Though Swanson doesn’t plan to go into a professional music career, he likes the idea of a job that balances his creative side with the technicality of acoustical engineering.

“It’s a way to use my left and right brains at the same time,” he said. “I don’t have to sacrifice the creative side to it, but I’m also a huge math geek, so it’s a way to keep those two. ... It’s a nice marriage of music and math.”

Appleton also spoke of balancing the business and creative sides of making music with a team.

“It’s our job to make my campaign strategies. The idea is to reach people,” he said. “Artworks, banners, to come up with creative posts. But this side is really creative too. ... The more we understand the content and our passion behind pushing it, then the ideas just flow.”

Collaboration is common both among the Purdue community and the national community of music creators. Swanson performed in shows throughout the Midwest in a duo known as Grey Lamb. Shemon, Appleton and Swanson work with creators in places as widespread as California, Illinois, Kansas and Rhode Island to produce songs. Appleton also worked with videographer Levi Turner, who now tours with Joey Bada$$, to create several of his music videos.

Swanson and Shemon agreed that the music scene on campus defies the University’s reputation for engineering.

“If I were to go to another state or another country, it’s like, ‘Oh, that’s the engineering school,’” Shemon said. “To me, it’s an engineering school, a business school and also a school with music. So it’s like that contrast between the STEM studies and the creative campus.”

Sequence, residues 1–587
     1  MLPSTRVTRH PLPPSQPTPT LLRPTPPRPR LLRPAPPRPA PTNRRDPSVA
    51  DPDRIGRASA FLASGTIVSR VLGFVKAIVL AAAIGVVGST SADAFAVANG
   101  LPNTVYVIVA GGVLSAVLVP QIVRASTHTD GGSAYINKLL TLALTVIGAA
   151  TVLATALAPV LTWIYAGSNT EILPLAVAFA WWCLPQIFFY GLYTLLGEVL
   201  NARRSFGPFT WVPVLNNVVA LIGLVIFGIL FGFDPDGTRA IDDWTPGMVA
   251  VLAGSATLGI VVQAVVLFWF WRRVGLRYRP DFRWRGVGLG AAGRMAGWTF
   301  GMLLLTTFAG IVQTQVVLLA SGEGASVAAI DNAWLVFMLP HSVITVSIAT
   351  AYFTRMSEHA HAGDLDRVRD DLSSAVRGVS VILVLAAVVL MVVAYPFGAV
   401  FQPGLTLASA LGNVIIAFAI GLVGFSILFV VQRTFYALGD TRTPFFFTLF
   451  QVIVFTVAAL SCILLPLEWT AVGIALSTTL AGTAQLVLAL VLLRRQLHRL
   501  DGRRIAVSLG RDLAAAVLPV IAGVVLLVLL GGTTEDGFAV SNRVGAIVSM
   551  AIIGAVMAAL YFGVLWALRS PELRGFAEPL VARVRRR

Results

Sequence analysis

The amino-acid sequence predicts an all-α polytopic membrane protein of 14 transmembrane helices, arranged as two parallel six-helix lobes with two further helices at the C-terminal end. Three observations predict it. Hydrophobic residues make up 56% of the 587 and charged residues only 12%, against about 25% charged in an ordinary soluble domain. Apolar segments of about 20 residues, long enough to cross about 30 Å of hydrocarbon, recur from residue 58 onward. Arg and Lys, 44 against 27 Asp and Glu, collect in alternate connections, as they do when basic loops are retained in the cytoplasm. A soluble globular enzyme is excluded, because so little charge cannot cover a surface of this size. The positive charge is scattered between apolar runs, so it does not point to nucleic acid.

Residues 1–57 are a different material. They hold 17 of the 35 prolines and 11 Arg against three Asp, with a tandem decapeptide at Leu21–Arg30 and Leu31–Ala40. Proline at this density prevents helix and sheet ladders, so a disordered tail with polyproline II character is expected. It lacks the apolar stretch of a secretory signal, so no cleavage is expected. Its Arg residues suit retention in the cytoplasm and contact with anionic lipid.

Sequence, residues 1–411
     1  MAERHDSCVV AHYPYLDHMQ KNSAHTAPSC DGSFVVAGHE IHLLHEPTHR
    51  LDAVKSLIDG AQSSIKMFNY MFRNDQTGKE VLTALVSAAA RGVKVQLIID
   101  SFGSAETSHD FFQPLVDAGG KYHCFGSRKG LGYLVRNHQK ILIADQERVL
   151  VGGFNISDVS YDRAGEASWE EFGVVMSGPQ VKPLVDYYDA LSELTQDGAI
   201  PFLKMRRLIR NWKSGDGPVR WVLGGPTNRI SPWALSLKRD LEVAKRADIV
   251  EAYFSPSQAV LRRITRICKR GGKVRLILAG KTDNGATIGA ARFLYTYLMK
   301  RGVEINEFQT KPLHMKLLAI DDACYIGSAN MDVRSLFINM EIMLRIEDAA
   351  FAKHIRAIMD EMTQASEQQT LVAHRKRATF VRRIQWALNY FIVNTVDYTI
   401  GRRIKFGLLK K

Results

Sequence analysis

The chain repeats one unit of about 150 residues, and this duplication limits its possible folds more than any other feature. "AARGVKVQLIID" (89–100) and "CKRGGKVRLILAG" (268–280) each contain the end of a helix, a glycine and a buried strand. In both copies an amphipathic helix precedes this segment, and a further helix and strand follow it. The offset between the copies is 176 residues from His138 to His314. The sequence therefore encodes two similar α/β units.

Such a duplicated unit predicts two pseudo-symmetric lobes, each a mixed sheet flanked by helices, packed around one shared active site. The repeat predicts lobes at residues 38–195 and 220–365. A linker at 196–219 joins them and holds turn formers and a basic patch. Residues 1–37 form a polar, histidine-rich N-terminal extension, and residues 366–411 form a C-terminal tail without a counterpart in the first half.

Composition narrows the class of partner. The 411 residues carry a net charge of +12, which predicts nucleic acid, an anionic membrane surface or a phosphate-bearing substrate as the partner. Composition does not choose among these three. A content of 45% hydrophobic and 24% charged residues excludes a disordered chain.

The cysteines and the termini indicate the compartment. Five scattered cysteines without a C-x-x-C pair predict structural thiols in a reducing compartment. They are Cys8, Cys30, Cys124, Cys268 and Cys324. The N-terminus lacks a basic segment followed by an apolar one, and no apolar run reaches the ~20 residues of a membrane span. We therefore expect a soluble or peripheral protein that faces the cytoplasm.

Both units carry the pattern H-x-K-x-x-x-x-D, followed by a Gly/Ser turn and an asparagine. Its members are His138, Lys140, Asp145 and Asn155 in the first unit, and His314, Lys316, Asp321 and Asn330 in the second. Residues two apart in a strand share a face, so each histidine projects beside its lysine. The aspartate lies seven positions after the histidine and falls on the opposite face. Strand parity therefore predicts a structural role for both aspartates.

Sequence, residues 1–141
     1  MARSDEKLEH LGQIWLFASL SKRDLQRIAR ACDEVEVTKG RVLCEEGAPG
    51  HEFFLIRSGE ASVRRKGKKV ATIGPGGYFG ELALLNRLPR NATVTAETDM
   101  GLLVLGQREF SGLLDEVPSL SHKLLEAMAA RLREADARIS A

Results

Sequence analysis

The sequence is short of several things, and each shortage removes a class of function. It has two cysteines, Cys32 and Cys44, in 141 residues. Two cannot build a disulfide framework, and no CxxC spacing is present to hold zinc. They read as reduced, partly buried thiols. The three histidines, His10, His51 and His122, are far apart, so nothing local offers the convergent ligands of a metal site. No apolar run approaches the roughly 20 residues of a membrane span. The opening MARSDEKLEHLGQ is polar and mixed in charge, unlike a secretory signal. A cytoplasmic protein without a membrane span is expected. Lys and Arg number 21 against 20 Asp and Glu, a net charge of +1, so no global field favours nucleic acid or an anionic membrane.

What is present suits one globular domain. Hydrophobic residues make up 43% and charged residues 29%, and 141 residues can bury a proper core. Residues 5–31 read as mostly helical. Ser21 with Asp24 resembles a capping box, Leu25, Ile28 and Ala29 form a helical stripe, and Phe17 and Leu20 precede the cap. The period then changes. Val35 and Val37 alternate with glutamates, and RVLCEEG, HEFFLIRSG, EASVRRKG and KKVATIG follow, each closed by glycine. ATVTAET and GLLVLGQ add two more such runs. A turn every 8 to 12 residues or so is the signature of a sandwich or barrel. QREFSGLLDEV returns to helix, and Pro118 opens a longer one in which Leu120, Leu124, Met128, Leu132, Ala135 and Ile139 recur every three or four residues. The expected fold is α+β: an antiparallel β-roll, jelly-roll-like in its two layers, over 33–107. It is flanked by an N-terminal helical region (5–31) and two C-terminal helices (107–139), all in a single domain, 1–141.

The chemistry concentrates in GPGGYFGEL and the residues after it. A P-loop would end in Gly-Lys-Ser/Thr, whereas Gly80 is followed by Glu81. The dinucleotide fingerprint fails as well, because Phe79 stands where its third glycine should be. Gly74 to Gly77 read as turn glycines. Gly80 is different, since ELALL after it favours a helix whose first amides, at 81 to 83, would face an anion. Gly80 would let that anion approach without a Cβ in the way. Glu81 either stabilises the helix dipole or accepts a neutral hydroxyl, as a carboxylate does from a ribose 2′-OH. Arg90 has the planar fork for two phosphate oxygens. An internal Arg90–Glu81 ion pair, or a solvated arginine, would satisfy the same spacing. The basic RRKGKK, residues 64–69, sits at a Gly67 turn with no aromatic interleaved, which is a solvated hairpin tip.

“On the surface it’s this technically advanced, the face of Purdue is this engineering side of it, but when you get down to the end of the day everyone’s just another person,” Swanson said. “That seems to be the vibe, is everyone has this idea of ‘I’ll screw the system.’ We can still do this and still be Purdue students. And that’s the kind of vibe that I’ve picked up is this idea of wanting to be conscious and be technical about it, but I’m not gonna sacrifice the art because of that.”

Appleton, however, believed Purdue’s academic curriculum can sometimes stop students from contributing to the creative culture on campus.

“I think only people who are in actual arts, I feel like they’re the only ones that have that artistic spirit,” he said. “I think it’s just because it’s a really hard university. People just really stick to their studies and staying in a stable mindset, just on their schoolwork and their career path. ... There’s people who maybe would want to experiment with art more. I just feel like most students up here don’t feel like they have the time or don’t want to take the risk and getting carried away.”

In the end, though, Shemon believed their art is important in spite of wider perceptions about the University.

“It’s a culture thing,” he said. “Music is, it’s something that cultivates culture. And a college campus is a melting pot of cultures to begin with, and music is this language that kind of breaks those cultural barriers between students.”